46.The Chairperson asked if that provision also covered the recruitment of minors with a view to using them in security forces abroad.
47.Mr. Zermatten enquired whether the amendment in question was still at the stage of a draft approved by the Government or whether it had already been considered by parliament and would soon enter into force.
48.Ms. Górzyńska (Poland) said that the amendment was still in the draft stage, but that the Optional Protocol was an integral part of the Polish legal system and that its provisions could be directly invoked by courts.
49.Mr. Citarella asked what Polish legislation prescribed concerning the recruitment of minors with a view to making them serve in security services or paramilitary forces abroad.
50.Mr. Kotrane asked how a Polish judge could directly apply the Optional Protocol given that it came under criminal law and that it was therefore technically impossible for States to apply it if the domestic Criminal Code did not contain pre-established penalties for acts covered by the Protocol.
51.Ms. Górzyńska (Poland) said that the question of the forced recruitment of minors into security services or companies was complex and that it all depended on the status of the bodies in question. Under Polish law, even a Pole over the age of 18 years was not allowed to serve in armed forces other than the Polish armed forces. The recruitment of minors into foreign armed forces was strictly prohibited and prosecutions could be brought under Polish law since the principle of universal jurisdiction had been established.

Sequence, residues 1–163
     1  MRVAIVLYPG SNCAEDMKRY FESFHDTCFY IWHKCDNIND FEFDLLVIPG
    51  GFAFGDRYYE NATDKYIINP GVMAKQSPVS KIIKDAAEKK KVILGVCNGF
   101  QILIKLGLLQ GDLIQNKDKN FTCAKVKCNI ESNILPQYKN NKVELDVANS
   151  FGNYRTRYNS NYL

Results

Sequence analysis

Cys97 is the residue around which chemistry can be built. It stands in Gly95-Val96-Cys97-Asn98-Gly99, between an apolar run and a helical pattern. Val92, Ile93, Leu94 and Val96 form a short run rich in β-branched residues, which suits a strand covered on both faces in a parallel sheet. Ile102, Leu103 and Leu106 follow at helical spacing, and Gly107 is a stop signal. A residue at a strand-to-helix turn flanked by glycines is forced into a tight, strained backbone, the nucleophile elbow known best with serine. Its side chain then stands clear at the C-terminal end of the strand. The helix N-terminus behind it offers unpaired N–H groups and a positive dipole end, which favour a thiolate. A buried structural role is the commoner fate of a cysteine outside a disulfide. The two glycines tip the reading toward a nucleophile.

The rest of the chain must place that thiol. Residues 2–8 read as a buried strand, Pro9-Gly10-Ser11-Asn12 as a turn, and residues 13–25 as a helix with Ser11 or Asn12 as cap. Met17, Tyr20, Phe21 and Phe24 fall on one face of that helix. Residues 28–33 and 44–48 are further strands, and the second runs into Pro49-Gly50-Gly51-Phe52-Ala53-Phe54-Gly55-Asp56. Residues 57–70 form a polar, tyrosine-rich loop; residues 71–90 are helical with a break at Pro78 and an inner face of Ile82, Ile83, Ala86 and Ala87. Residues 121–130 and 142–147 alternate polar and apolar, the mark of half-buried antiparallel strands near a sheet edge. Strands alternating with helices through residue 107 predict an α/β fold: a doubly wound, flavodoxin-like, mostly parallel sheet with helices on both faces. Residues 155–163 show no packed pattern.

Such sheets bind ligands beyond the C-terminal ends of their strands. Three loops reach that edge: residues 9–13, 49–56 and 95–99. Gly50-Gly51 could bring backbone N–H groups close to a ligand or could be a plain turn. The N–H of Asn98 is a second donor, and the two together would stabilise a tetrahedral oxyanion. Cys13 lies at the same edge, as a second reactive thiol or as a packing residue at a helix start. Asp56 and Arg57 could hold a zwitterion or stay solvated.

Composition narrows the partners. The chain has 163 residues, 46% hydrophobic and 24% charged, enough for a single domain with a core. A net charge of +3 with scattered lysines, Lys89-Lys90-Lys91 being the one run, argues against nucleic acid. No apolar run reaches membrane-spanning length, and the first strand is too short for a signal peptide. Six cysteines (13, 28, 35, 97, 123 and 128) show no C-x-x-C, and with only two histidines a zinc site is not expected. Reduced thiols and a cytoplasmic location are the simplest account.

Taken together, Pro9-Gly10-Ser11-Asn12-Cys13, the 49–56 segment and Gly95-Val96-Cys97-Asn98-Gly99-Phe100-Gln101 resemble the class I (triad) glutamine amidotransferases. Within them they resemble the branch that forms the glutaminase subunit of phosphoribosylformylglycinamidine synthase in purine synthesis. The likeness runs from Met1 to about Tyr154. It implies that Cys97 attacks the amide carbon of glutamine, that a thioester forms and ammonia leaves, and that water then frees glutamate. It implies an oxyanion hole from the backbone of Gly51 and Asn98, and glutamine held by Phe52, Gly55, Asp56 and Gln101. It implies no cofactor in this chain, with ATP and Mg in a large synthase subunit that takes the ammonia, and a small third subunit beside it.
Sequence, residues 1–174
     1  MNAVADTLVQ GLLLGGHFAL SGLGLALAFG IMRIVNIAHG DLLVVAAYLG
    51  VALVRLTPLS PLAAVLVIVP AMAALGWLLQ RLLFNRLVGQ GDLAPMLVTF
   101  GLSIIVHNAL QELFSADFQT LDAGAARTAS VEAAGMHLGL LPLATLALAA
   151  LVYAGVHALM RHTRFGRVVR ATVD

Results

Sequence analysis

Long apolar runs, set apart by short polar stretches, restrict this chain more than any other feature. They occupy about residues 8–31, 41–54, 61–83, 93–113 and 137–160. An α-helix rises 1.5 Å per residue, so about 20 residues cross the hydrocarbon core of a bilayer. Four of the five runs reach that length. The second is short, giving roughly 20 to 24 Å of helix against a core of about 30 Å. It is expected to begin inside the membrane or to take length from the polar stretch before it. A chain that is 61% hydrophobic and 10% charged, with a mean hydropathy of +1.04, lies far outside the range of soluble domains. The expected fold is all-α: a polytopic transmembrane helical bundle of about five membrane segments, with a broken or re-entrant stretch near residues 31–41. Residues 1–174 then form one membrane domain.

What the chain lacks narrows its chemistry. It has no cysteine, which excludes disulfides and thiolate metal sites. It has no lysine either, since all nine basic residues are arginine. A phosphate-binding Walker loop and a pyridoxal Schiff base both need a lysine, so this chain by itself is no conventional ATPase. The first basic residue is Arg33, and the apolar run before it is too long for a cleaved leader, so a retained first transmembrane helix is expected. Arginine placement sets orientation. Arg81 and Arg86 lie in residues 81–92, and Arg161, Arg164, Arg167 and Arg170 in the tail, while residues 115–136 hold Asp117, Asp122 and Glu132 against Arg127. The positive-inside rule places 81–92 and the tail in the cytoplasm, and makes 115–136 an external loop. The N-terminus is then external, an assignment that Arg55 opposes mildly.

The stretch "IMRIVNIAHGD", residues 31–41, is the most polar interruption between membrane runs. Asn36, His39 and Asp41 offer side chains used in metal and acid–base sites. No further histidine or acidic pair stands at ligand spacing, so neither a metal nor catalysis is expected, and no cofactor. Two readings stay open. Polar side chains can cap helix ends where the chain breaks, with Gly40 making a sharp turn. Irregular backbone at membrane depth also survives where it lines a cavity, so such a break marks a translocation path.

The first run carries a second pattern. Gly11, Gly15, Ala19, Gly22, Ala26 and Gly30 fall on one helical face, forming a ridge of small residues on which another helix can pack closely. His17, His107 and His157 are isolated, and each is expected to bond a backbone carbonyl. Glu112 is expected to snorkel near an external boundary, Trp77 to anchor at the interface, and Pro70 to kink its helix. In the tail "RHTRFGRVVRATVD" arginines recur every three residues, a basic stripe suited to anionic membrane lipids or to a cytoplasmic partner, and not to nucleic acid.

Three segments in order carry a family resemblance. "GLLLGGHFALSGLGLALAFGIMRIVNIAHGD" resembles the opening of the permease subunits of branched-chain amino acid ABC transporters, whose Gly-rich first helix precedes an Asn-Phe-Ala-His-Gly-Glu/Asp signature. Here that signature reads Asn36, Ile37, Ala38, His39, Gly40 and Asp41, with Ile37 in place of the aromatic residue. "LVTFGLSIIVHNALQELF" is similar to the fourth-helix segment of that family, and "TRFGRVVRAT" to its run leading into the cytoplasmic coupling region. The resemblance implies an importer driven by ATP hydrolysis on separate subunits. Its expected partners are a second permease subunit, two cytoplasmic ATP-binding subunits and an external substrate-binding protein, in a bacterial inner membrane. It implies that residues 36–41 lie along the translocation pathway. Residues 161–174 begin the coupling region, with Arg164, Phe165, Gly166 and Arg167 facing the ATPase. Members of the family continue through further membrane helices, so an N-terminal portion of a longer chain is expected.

52.Mr . Kończyk (Poland) said that access to small arms and particularly firearms was strictly regulated by the firearms Act, which established that only persons over the age of 18 years were entitled to possess a firearm, provided that they had made a reasoned request and undergone special psychological tests. Permits were issued by provincial police force chiefs. The number of firearm permits issued in Poland was very low.